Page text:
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Transcript
E X P LO R I N G
T H E
N E W
P Y R A M I D
Portion Sizes: How Many Servings Do You Need?
Decoding the Hieroglyphics
The New Pyramid shows a range of daily
servings for each food group. Eating the number of servings that is right for you depends
on how many calories you need. While this
number can vary from person to person, the
USDA recommends that your daily intake in
general should be:
• 1,600-2,000 calories for most women
and older adults
• 2,000-2,400 calories for kids, teen girls,
active women, and most men
• 2,400-3,200 calories for teen boys and
active men
Those with lower calorie needs should select
the lower number of servings from each food
group. And those who have moderate or
high caloric needs should select the middle
or higher number of recommended servings.
What Counts as a Serving?
The amount of food that counts as a serving
is listed below. If you eat a larger portion, it
counts as more than one serving. For example, a slice of bread is one serving—if you
have a sandwich, you just had two servings.
*For a 2,000 calorie diet, eat the amounts
listed in parenthesis listed after the category.
Grains (6 oz.*): Make Half of Your Grains
Whole
Eat at least 3 oz. of whole-grain cereals,
breads, crackers, rice, or pasta every day.
1 oz. is:
• 1 slice of bread
• 1 tortilla
• ½ cup cooked rice, pasta, or cereal
• 1 pancake
Vegetables (2.5 cups*): Vary your Veggies
• Eat more dark-green veggies like broccoli
and spinach.
• Eat more orange veggies like carrots and
sweet potatoes.
• Eat more dry beans and peas like pinto
and kidney beans.
Fruits (2 cups*): Focus on Fruits
• Eat a variety of fruit. Choose fresh, frozen, canned, or dried fruit. Go easy on
fruit juices
Milk (3 cups*): Get your Calcium-rich
Foods
• Eat low-fat or fat-free when you choose
milk, yogurt and other dairy products.
Meat & Beans (5.5 oz*): Go Lean with
Protein
• Choose low-fat or lean meats and poultry.
• Bake it, broil it, or grill it.
• Choose more fish, beans, peas, nuts and
seeds for protein.
E X P L O R I N G T H E N E W P Y R A M I D
Daily you should consume:
• 30 percent or less of your total calories
from fats
• 55 percent or more of total daily calories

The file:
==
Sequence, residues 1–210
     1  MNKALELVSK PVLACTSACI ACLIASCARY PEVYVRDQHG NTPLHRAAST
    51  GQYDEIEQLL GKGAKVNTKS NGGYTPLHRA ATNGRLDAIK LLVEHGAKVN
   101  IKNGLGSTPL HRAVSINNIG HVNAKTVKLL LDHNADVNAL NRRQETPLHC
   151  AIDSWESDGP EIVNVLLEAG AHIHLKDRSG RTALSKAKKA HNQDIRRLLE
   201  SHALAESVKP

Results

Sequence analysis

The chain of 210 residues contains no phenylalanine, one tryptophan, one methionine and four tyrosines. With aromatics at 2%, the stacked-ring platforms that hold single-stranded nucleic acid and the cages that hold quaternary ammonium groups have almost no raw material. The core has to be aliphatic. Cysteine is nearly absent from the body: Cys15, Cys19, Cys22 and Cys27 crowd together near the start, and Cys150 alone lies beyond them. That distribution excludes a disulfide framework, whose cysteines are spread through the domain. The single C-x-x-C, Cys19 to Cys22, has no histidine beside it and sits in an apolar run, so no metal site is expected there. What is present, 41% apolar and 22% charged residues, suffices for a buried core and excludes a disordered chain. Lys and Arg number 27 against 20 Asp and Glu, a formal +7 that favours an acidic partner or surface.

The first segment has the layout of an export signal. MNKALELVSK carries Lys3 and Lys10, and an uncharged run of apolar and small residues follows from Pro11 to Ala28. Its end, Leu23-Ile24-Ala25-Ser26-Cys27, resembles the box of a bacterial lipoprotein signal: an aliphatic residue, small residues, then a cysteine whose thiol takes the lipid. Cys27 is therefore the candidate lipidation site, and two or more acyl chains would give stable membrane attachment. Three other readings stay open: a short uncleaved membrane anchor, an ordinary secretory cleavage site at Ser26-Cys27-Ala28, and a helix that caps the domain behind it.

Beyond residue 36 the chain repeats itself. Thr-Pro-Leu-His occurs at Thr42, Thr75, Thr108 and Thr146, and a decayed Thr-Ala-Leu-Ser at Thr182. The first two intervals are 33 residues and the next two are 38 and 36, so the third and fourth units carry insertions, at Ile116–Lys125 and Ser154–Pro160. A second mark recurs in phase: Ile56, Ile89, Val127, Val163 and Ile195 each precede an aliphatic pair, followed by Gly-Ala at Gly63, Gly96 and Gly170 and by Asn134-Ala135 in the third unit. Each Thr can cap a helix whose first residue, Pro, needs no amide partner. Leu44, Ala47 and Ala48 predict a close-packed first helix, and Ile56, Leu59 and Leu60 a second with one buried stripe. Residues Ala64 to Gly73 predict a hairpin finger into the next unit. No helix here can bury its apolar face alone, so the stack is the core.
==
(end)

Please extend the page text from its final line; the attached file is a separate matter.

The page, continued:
from carbohydrates, especially complex
carbs like grains, legumes, vegetables, and
some fruits
• About 12 to 15 percent of total daily
calories from protein, especially protein
sources that are lower in fat
Key recommendations:
n Consume a sufficient amount of fruits
and vegetables while staying within
energy needs. Two cups of fruit and
21/2 cups of vegetables per day are recommended for a reference 2,000-calorie
intake, with higher or lower amounts
depending on the calorie level.
n Consume less than 2,300 mg (approxi-
mately 1 tsp of salt) of sodium per day.
n Choose and prepare foods with little
salt. At the same time, consume potassium-rich foods, such as fruits and vegetables.
n Those who choose to drink alcoholic bev-
erages should do so sensibly and in moderation—defined as the consumption of
up to one drink per day for women and
up to two drinks per day for men
(USDA, 2005).
To know the exact amount of each food
group you need daily, enter information at
http://www.mypyramid.gov and receive a
customized food guide.
n Choose and prepare foods and beverages
with little added sugars or caloric sweeteners.
n Consume 3 or more ounce-equivalents
of whole-grain products per day, with
the rest of the recommended grains
coming from enriched or whole-grain
products. In general, at least half the
grains should come from whole grains.
n Consume less than 10 percent of calories
from saturated fatty acids and less than
300 mg/day of cholesterol, and keep
trans fatty acid consumption as low as
possible.
n Keep total fat intake between 20 to 35
percent of calories, with most fats coming from sources of polyunsaturated and
monounsaturated fatty acids, such as
fish, nuts, and vegetable oils.
“Never eat more than you can lift.”
©2006 Wellness Councils of America
—MISS PIGGY